This case presents important questions concerning the scope of the Establishment Clause of the First Amendment and the plaintiffs-appellees' ability to demonstrate Article III standing thereunder. The operative facts of this case are relatively simple. In 1979 the Rabun County Chamber of Commerce (Chamber), with initial approval

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from the State of Georgia, erected an illuminated latin cross on a 85 foot structure in Black Rock Mountain State Park. The plaintiffs-appellees, the ACLU of Georgia and five individuals, brought suit in federal district court, seeking to enjoin the maintenance of the cross on public property. The district court, 510 F.Supp. 886, held that the plaintiffs-appellees had met the Article III requirements for standing and that the maintenance of the cross in the state park violated the Establishment Clause of the First Amendment, as applied to the states through the Fourteenth Amendment. We affirm for the reasons which follow.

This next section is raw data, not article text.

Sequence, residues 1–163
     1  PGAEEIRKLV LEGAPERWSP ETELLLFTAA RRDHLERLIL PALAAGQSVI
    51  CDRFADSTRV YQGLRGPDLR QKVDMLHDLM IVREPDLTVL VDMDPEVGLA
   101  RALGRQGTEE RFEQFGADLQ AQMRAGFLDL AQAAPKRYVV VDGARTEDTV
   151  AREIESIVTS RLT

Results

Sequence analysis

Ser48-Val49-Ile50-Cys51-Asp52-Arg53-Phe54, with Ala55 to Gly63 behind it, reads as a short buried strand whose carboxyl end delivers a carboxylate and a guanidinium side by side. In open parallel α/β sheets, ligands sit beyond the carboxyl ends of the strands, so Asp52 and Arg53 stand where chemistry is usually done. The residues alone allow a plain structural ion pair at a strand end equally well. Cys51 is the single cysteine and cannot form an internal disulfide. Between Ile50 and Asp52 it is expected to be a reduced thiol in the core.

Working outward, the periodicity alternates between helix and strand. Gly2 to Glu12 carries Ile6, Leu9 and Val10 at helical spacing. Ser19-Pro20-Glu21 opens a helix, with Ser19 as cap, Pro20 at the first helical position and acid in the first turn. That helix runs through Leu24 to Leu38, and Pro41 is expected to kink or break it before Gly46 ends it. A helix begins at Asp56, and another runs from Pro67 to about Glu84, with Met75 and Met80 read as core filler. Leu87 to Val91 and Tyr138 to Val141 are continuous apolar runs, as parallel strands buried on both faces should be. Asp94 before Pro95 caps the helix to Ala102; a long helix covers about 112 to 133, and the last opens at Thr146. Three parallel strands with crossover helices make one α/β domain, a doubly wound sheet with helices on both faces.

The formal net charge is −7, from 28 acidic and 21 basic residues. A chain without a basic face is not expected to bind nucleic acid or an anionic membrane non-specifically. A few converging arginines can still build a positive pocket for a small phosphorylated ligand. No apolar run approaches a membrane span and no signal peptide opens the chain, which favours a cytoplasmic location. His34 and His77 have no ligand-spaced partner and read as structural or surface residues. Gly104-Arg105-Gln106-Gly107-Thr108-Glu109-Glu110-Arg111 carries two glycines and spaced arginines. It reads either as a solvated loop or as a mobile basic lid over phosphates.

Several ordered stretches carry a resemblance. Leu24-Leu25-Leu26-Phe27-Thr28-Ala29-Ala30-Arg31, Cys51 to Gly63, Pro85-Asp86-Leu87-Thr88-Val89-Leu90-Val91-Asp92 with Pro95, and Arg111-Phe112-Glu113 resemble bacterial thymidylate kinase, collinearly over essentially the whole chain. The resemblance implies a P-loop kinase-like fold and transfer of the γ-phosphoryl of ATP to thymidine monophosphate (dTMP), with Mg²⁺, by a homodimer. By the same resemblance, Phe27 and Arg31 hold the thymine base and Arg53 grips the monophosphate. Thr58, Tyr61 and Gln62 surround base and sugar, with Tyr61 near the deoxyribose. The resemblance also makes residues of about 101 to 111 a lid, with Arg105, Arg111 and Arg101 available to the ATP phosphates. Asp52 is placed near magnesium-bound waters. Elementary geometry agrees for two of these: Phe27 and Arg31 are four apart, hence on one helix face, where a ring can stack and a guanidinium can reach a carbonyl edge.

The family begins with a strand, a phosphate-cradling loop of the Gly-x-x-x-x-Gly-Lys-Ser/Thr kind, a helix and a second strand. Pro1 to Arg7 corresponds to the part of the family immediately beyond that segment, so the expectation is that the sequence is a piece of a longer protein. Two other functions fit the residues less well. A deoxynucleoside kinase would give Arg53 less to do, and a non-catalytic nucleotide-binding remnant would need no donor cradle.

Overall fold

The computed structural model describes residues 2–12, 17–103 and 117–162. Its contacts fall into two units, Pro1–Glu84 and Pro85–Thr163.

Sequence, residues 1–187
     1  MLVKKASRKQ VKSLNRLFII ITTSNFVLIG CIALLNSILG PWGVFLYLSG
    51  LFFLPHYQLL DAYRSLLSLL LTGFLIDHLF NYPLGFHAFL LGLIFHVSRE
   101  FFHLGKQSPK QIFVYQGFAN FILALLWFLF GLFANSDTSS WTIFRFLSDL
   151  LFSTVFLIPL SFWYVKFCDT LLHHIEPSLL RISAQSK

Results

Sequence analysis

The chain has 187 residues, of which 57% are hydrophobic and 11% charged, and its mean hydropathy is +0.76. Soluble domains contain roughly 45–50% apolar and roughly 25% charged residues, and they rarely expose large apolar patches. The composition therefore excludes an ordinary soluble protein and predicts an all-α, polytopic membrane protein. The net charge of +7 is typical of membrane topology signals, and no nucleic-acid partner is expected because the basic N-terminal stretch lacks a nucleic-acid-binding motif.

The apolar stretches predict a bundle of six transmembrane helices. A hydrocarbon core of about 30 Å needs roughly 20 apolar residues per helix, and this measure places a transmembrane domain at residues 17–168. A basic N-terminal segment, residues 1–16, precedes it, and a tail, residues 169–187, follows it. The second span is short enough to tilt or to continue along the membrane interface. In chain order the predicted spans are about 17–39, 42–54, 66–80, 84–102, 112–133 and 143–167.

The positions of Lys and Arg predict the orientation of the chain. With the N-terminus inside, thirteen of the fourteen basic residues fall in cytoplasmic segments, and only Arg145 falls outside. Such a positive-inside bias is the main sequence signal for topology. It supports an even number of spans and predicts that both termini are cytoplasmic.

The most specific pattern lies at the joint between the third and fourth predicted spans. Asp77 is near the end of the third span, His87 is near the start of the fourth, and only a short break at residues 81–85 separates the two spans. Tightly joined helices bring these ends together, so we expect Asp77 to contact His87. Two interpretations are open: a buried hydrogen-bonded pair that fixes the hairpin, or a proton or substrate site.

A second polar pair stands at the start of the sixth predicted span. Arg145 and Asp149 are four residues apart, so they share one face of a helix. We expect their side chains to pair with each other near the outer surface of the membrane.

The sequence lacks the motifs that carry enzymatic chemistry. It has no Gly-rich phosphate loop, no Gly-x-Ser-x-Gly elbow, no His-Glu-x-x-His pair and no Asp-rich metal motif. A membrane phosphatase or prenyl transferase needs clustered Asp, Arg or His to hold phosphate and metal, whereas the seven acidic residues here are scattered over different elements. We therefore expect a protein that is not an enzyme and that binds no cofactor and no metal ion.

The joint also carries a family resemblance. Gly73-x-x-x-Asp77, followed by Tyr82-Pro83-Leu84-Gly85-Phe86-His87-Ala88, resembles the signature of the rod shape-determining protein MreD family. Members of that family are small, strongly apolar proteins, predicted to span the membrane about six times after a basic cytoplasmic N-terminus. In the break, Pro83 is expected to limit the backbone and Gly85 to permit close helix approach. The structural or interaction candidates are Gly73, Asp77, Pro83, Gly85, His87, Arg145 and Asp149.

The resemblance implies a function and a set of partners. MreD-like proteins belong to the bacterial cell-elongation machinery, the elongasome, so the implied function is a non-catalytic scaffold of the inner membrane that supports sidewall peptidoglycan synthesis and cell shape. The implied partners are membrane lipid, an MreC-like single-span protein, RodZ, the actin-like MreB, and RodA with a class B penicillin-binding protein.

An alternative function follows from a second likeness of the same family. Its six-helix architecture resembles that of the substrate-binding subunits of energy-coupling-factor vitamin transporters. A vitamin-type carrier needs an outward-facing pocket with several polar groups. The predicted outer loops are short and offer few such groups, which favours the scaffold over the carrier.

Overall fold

In 1956 a private corporation erected a large iron structure atop a rock outcropping on Black Rock Mountain, which is located in a state park in Rabun County, Georgia. This structure, when lighted, formed the shape of a Christmas tree. In 1957 the structure was altered by superimposing a second circuit of lights in the shape of a cross. The structure remained lighted, alternatively in the shape of a Christmas tree or a cross, for a number of years. Easter Sunrise Services, which had been held at this site prior to 1956, continued to be held at the base of the structure throughout this time period. Sometime between 1974 and 1976 the structure fell into a state of ill repair and was removed.

In early 1979, the Rabun County Chamber of Commerce approved a plan for the erection of a new cross on Black Rock Mountain to replace the old structure. Chamber representatives then discussed four possible sites for the cross with the Park Superintendent, an employee of the Georgia Department of Natural Resources. A small knoll located in the corner of the park between two camping areas was ultimately chosen as the site for the cross. From this location the cross, when illuminated, not only floods the two camping areas with light but is visible for several miles from the major highways which traverse the mountains. 1